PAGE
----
Of course, comics were different then. They've grown up since.

I dunno. We'll see. Right now, what I'm dealing with is the total loss of my planned book tour, some 40 cons, signings and speaking gigs that took me right up to San Diego Comic Con in July. There's a second leg in the Fall, which is still on, but for which, frankly, I don't have much hope. I spent months planning this tour, and rested up in anticipation of the grueling schedule, which had me criss-crossing the country, as well as a couple jaunts to Europe. It  all vanished in the space of a couple days. The official release date of Kent State was yesterday btw. I glumly noted the date from here, then watched an episode of Shitt's Creek to take my mind off it. Now the release has been pushed back to Sept. 8, as detailed in my earlier post.

So... I'll be getting back to work soon. Might as well get something out of all this unexpected downtime!

I've been experimenting with color these past few weeks, retrofitting pages from Punk Rock & Trailer Parks, as in the page depicting The Baron's debut, above.

None of my long-form comics have been color, of course. Trashed had a spot color. The rest are b&w. The City was b&w for 15 years, too, before I reluctantly added color. Shitty color, since alt-weeklies had infamously bad reproduction. I regret adding color to that strip. It was a lot more work and didn't add anything to the read. Other, smarter creators, never made that switch, like Matt Groening and Lynda Barry. Their strips were b&w to the end, as they originally envisioned, one consistent body of work. Mine is split in two, The City of the 1990s, and then the color one of the 2000s, which was an entirely different strip, really. I should have re-named it. Thought about doing that. I regret not doing so.

But I've worked in full color for years and years, all the way back to my first newspaper gig in South Florida. Posters, record covers, book covers, gig flyers, freelance illustrations, hundreds of images, all were done in color. I prefer very dramatic eye-catching colors, in fact, which always surprises those who only know my work in b&w. Here's some samples.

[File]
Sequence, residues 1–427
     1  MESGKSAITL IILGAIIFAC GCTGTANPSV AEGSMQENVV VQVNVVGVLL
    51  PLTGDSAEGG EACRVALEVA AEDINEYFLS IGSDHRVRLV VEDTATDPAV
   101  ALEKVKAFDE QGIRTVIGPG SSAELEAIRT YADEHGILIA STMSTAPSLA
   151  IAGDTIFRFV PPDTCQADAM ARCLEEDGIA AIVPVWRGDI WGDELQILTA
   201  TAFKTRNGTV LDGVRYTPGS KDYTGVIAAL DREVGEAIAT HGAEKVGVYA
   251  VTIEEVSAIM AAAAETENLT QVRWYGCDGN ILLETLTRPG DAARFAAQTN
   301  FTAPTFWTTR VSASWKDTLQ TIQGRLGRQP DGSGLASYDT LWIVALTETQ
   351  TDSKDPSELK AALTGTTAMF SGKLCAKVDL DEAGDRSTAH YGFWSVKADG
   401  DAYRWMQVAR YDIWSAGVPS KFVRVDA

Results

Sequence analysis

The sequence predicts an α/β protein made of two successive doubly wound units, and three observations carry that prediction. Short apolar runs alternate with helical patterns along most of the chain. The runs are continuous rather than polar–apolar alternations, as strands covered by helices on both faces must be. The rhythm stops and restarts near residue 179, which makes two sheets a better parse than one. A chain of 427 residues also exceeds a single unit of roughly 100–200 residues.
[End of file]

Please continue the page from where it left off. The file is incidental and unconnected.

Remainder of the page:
A very early, unpublished story from 1989. I drew this on scratchboard (!!) and colored it with Dr. Martin's Dyes. Crazy media in which to work. Didn't stick long with that!  The colors aren't really working here. I was shooting for a noir-ish look, but it needed a much stronger black.

This was an illustration for the Detroit Free Press, also from 1989. This is pen&ink over color pencil. Another goofy mixed media. Color pencils are very waxy, so most ink won't stick. The scanners of the day also had big problems picking up the color. I was very happy with the piece, though. In fact, this is the exact moment it all came together for me, stylistically, After several years of frustrating experimentation. I finished this piece and literally yelled, THAT'S IT! The saturated, dramatic color palette became a staple, too. This one pivotal piece carried me through the next decade, and still resonates in my work.

Comp CD cover, 1995. I moved to gouache paint after my earlier failures, and that proved to be a reliable media. Pen & ink took to it beautifully, too. I've never been a great painter, but strong ink line covers many a weakness. There are a lot of European comics creators who still work this way! Their work is gorgeous, but MAN, it's time consuming.

Above: the poster for Int'l Performance Art Festival, from 1999, billed as the final one (although that turned out to not be the case). I drew this huge, poster size, with gouache paints and pen & ink.

Above: album cover for local band Hazard Adams, 2010. Everything from here on is digital color, applied to scanned pen & ink drawings. I miss paint, but not enough to go back.

Above: Klaus Nomi, for the Belgian magazine Focus, 2014.

Above: poster for The Genghis Con, 2016

Above: wraparound album cover for the Essential Styrenes, 2016. There's Magee from Trashed and Otto from Punk Rock & Trailer Parks in the crowd!

Above: the most dramatically colored piece of all is this poster for the Rock en Seine Festival in Paris. This one was printed as a HUGE poster for the Paris Metro! It was an eye-grabber, for sure. No one can accuse me of being shy with color!

More dramatic colors, in a poster showing young Jerry Siegel, the co-creator of Superman, in front of his house in Cleveland, for the Siegel & Shuster Society, 2016.

Above: and finally, another album cover, for pals Chris Butler and the late Ralph Carney. Really crazy colors on this one. 

So moving forward, yeah, I think my books are going to be full color. That's a pretty daunting amount of work, of course, adding color to 200-300 pages of art, and not a job I'll be tackling myself. I'll have to hire a colorist. But the world is in color. I love b&w and the DIY vibe it has, and the moody purity of it, but it's time, past time, to move on.

Here's another test page from PR&TP to whet your appetite: